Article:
The Chicken Squad is an spin off of J.J. Tully Mystery series (found on our list of mystery early chapter books). We read the second book first, and it was one of my son’s best books of the year in 2014. We’ve since read the first book in the series about Dirt, Sugar, Poppy, and Sweetie, chicks with varying degrees of intelligence who solve backyard crimes that inevitably involve the squirrel population.
The Kingdom of Wrenly. This series is good for kids who like fantasy. I probably would have loved it as a kid, even though I found it a bit unsophisticated. However, the series has loads of fans, and I’m for anything that gets kids reading. Lucas is a reluctant prince. He’d rather dress in peasant clothes and hang out with the village children. He makes friends with Clara, the daughter of a seamstress and the two team up to find the queen’s missing emerald. Lots of traditional fantasy elements like fairies, wizards, mermaids will appeal to kids who like imaginative worlds.
Space Taxi. My older son has enjoyed many of Wendy Mass’s middle grade books and this new series is a collaboration with her husband. 8 year old Archie’s dad is an intergalactic space taxi driver! Archie is finally in on the family secret (which still has to be kept hush-hush from his younger sister) and gets to tag along on a “take your child to work day.” Along the way they pick up, and team up with Pockets, a talking extraterrestrial cat who also happens to be an Intergalactic Security Force officer. This is a wonderfully imaginative series and I know we will be picking up further installments as they are written.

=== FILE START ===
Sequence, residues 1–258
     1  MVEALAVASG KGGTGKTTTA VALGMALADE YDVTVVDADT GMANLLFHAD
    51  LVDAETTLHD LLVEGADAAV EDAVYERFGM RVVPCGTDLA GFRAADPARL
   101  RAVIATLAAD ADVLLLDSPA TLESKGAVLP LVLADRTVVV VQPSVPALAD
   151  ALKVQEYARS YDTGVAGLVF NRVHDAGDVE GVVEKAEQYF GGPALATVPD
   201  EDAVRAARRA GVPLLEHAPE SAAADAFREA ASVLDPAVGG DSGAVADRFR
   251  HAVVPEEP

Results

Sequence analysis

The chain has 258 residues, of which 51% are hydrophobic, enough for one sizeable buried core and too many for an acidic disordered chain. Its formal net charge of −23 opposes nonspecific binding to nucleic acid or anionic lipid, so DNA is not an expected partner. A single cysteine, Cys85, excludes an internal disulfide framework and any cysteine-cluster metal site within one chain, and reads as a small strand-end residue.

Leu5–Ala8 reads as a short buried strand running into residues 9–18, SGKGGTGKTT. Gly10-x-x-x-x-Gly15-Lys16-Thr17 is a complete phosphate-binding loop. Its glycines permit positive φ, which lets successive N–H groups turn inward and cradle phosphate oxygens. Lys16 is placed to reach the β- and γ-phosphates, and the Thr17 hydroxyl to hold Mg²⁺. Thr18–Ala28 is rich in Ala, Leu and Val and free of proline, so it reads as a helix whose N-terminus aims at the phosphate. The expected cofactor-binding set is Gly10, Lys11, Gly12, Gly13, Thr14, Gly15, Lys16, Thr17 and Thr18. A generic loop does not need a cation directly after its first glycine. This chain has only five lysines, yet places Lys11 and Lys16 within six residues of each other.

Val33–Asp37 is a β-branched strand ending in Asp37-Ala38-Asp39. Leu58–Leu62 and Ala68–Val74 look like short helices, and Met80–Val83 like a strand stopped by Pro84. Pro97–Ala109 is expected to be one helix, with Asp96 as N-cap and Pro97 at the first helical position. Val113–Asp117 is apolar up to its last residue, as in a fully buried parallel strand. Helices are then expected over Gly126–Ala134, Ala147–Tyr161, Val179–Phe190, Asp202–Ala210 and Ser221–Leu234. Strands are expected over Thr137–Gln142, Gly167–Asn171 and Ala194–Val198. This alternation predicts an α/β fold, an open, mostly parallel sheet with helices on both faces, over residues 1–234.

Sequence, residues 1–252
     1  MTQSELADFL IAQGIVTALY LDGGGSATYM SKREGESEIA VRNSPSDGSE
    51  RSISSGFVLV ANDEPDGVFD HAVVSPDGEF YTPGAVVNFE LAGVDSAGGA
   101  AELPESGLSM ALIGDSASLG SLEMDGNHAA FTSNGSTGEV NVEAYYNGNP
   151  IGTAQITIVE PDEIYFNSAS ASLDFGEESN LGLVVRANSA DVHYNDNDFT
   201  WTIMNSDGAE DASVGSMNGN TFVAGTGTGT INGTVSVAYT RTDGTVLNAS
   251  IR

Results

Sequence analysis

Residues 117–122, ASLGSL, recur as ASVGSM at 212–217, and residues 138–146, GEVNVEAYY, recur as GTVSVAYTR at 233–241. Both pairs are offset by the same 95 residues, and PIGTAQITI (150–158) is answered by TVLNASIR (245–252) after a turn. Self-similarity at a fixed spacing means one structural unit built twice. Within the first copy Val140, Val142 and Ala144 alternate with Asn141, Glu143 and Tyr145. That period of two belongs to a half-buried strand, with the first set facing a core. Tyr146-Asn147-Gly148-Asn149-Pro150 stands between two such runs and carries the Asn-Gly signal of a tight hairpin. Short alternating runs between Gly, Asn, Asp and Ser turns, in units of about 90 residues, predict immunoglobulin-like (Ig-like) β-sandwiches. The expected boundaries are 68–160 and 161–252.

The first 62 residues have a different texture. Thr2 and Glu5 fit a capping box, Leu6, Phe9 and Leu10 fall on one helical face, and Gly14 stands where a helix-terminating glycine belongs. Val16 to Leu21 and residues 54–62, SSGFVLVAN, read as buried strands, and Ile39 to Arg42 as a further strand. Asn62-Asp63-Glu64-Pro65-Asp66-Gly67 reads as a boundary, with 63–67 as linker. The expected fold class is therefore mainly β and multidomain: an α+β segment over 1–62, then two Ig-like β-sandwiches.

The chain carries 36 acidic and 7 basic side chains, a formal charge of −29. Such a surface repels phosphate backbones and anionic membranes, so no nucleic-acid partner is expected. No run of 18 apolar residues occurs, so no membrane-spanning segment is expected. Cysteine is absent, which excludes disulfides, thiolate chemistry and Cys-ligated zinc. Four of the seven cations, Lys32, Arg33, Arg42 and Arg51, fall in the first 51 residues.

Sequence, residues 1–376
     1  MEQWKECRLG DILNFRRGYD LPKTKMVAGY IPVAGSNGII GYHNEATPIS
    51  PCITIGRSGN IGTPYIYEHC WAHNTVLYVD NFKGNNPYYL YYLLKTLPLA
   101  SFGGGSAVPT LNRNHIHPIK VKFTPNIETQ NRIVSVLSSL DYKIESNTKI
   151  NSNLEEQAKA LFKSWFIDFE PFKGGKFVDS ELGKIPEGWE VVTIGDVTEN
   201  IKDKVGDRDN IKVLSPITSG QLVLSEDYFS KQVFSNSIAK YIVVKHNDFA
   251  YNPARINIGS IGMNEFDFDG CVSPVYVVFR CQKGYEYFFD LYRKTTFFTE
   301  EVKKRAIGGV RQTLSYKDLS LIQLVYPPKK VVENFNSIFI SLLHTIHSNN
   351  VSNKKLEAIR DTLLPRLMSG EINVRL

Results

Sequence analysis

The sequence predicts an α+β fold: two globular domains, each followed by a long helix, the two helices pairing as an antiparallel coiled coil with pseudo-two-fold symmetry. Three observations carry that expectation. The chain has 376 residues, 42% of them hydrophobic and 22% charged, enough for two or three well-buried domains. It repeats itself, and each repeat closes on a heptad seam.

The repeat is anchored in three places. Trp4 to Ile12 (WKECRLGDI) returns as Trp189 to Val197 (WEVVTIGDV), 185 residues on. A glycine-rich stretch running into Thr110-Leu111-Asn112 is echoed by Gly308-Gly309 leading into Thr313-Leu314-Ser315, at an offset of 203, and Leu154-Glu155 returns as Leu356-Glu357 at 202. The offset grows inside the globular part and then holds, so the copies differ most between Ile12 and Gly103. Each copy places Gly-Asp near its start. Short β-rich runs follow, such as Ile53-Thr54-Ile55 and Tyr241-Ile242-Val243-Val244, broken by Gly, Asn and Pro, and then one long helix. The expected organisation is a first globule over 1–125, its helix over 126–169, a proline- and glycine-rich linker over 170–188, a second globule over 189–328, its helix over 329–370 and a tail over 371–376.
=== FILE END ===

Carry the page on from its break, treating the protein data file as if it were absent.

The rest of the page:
The Stories Julian Tells. When I first brought this book home from the library, Kiddo informed me that his 2nd grade teacher told the class these were some of her favorite books. I haven’t read them all (yet) but I can see why. I was tempted to judge the book by its cover (I am not a fan of photo-covers) but am glad I gave these well-written books a chance. Imaginative Julian gets into mischief with his tall tales, but fortunately he has a loving, forgiving family. There are also books about Julian’s neighbor, Gloria and his younger brother, Huey.
A to Z Mysteries. The A to Z mysteries is a super-popular series about a team of kids solving mysteries, one for each letter of the alphabet. The three main kid-sleuths are well drawn and the stories entertaining and suspenseful. When you’re done with letter Z, you can turn to A to Z Mysteries Super Editions for more fun.
Bed and Biscuit. Grandpa Bender is a vet with a house full of loveable, delightful and well-meaning animals. If you are reading aloud to your child, you will enjoy this series, too.
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Christina @There's Just One Mommy says
Thank you, thank you, thank you!